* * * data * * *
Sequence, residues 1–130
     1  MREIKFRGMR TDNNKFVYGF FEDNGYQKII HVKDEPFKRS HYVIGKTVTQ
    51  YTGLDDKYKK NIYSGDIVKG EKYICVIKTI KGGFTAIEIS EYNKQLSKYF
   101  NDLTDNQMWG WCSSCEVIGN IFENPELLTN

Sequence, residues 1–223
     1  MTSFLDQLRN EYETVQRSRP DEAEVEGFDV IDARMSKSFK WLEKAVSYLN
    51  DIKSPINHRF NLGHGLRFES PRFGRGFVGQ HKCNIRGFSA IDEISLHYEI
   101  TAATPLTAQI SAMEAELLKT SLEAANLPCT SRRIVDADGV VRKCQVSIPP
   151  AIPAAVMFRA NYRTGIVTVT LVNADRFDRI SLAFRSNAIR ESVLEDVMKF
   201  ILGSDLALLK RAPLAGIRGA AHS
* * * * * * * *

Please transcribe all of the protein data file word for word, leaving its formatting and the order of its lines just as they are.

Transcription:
Sequence, residues 1–130
     1  MREIKFRGMR TDNNKFVYGF FEDNGYQKII HVKDEPFKRS HYVIGKTVTQ
    51  YTGLDDKYKK NIYSGDIVKG EKYICVIKTI KGGFTAIEIS EYNKQLSKYF
   101  NDLTDNQMWG WCSSCEVIGN IFENPELLTN

Sequence, residues 1–223
     1  MTSFLDQLRN EYETVQRSRP DEAEVEGFDV IDARMSKSFK WLEKAVSYLN
    51  DIKSPINHRF NLGHGLRFES PRFGRGFVGQ HKCNIRGFSA IDEISLHYEI
   101  TAATPLTAQI SAMEAELLKT SLEAANLPCT SRRIVDADGV VRKCQVSIPP
   151  AIPAAVMFRA NYRTGIVTVT LVNADRFDRI SLAFRSNAIR ESVLEDVMKF
   201  ILGSDLALLK RAPLAGIRGA AHS